The outlook for care homes in the UK ranges from serious to critical, as staff costs, nurse shortages, poor funding and increasing red tape are draining the lifeblood out of the sector.
The prognosis is given in a new survey for BBC Radio 4 that shows urgent surgery is needed to save care homes from rising costs and reducing resources. A new injection of local authority funding is urgently needed as more than a quarter of UK care homes are in danger of closure within three years, according to the survey.
The BBC research also revealed care homes were carrying too much debt and were not making enough profit to cover loan repayments.
Whilst most local authorities have this year added a 2% hike to council tax to help pay for social care, this money has yet to seep through to care homes, though concerns have been raised that this money will still not be enough.
Care homes are reeling from the new national living wage of £7.20 per hour for staff over the age of 25 introduced in April this year. Pressure on the sector is set to increase further as the living wage is expected to rise to £9 per hour by 2020.
The survey revealed that the national living wage not only pushes up the pay of those on lower scales, but across all staff bandings. Care homes are concerned that their rising payroll costs are not being met by cash-strapped local authorities who are unwilling or unable to match the increase. There is also anxiety over government plans to further restrict migrant labour, as this will add to the staff shortages in an industry where a high number of migrant staff are already employed.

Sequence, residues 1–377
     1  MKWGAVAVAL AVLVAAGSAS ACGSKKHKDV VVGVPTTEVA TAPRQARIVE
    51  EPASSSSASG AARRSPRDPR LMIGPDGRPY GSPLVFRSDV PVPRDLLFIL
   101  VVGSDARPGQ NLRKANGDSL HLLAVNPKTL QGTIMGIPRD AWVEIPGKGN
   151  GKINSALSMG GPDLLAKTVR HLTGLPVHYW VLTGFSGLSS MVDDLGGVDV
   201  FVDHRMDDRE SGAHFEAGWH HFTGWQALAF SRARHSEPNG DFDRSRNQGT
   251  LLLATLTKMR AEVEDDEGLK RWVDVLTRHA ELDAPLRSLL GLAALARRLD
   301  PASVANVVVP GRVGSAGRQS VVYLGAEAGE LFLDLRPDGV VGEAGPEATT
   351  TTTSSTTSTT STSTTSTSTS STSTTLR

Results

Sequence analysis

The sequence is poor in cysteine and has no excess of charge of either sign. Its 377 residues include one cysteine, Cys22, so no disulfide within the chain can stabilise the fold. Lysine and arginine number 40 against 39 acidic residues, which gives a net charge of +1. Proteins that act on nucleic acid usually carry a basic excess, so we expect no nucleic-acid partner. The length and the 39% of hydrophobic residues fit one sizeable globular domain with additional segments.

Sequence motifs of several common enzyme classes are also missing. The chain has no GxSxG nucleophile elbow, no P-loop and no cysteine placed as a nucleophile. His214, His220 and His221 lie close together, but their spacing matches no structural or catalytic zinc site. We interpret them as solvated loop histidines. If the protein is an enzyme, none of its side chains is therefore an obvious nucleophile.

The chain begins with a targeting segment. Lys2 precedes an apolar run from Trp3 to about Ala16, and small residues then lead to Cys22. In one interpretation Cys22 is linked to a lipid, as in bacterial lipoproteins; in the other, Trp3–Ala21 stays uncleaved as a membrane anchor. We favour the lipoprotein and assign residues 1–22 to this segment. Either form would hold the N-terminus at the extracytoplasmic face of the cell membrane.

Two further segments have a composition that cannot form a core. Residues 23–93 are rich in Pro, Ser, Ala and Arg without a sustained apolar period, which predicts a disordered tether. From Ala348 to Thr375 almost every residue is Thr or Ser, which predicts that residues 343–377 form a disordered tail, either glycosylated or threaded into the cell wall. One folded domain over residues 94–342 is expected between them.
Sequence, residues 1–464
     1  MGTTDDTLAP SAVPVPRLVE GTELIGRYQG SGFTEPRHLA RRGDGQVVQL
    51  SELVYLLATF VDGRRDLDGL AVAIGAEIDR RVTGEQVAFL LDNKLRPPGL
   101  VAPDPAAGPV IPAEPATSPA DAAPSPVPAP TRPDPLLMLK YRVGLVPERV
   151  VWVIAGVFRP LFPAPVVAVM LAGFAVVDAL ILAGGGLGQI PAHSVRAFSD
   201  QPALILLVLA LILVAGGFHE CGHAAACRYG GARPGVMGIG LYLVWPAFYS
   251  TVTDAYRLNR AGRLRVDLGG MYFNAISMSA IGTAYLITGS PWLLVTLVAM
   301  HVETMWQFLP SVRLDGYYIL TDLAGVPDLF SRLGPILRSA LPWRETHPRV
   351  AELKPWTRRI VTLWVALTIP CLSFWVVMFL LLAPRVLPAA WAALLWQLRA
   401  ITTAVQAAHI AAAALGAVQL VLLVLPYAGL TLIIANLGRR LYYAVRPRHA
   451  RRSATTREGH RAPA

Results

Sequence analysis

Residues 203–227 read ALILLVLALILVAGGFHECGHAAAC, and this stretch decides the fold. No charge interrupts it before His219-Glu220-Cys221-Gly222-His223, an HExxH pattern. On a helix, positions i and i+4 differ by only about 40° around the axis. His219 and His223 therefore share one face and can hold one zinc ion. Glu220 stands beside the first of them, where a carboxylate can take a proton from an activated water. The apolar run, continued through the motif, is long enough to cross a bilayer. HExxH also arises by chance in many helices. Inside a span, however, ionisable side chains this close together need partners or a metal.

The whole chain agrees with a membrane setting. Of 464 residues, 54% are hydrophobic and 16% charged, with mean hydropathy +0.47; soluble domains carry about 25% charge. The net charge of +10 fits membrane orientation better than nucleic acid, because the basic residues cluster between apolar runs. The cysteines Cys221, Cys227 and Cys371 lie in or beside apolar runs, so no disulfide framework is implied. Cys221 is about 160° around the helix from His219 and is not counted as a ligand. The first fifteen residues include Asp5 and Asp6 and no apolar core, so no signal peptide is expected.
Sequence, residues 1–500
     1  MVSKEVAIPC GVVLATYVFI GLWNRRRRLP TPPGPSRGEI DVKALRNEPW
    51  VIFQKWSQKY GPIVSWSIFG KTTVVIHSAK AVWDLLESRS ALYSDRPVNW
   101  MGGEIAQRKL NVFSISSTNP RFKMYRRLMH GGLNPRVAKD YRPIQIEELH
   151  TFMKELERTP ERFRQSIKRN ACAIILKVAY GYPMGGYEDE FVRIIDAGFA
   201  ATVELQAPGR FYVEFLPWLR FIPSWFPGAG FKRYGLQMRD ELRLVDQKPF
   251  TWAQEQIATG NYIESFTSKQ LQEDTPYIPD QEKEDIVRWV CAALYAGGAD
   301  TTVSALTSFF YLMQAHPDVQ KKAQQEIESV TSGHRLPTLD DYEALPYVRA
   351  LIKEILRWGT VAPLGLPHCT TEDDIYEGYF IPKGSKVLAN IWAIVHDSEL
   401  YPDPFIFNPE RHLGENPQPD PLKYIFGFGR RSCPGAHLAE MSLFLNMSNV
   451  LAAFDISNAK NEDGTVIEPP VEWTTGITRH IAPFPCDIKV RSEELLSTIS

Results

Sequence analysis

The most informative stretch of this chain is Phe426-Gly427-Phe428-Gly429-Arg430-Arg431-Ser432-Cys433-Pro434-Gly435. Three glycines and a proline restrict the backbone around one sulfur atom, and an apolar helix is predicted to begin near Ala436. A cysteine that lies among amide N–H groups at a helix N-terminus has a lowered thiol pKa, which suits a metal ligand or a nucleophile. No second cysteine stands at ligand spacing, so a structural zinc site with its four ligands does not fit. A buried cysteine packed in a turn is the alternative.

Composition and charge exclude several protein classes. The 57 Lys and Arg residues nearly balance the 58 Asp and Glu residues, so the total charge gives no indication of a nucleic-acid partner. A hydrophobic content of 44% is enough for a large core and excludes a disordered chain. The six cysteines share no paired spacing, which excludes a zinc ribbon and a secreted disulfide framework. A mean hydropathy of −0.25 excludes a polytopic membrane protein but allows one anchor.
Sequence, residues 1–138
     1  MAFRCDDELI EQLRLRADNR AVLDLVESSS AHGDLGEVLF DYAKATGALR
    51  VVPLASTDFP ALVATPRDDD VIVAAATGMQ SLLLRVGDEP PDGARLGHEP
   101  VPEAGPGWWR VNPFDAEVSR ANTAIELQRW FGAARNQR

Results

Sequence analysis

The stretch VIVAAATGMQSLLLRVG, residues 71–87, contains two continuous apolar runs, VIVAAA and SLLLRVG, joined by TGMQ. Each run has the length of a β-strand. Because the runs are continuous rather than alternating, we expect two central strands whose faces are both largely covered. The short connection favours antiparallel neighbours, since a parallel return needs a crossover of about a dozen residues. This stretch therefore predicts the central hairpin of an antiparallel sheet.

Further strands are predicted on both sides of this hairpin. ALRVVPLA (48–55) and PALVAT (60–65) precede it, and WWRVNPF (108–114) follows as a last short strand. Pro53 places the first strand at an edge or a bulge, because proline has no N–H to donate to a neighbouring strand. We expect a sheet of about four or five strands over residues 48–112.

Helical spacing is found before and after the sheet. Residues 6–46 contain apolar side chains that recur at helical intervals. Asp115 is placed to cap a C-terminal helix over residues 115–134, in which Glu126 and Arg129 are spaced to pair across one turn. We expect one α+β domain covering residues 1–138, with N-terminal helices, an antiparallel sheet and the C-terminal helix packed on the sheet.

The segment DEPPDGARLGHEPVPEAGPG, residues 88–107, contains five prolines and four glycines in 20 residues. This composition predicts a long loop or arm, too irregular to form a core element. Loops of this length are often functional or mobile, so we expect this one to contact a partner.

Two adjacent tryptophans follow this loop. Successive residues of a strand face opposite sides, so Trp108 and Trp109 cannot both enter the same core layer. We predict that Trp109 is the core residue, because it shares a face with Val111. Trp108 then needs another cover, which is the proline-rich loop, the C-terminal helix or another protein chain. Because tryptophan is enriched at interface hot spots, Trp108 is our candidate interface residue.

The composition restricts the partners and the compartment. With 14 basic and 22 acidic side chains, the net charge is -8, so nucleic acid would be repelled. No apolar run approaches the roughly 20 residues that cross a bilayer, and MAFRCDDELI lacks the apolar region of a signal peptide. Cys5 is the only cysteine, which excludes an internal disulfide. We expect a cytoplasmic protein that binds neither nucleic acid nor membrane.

Rising wages comes on top of pension auto enrolment, which is a complex issue for care homes due to the high level of part-time and short-term workers. The regulatory burden on the sector in the form of increasing red tape and above-inflation rises in fees levied by the Care Quality Commission are also having their effect.
Bishop Fleming Partner, Tim Godfrey, who heads the Care Home Sector team, commented: “The survey reveals a care sector in a really serious to critical condition as care homes struggle to adapt to increasing pressures on their resources. Many are having to freeze their recruitment plans or drastically change their business models just to survive.”
Mr Godfrey explained: “Care homes funded by local authorities face closure unless these authorities meet the rising cost pressures. Whilst some councils have increased funding, it is clearly not enough to cover the burden.”
“Beds will have to close and jobs will be at risk. Ultimately, the quality of care being offered will deteriorate,” he added.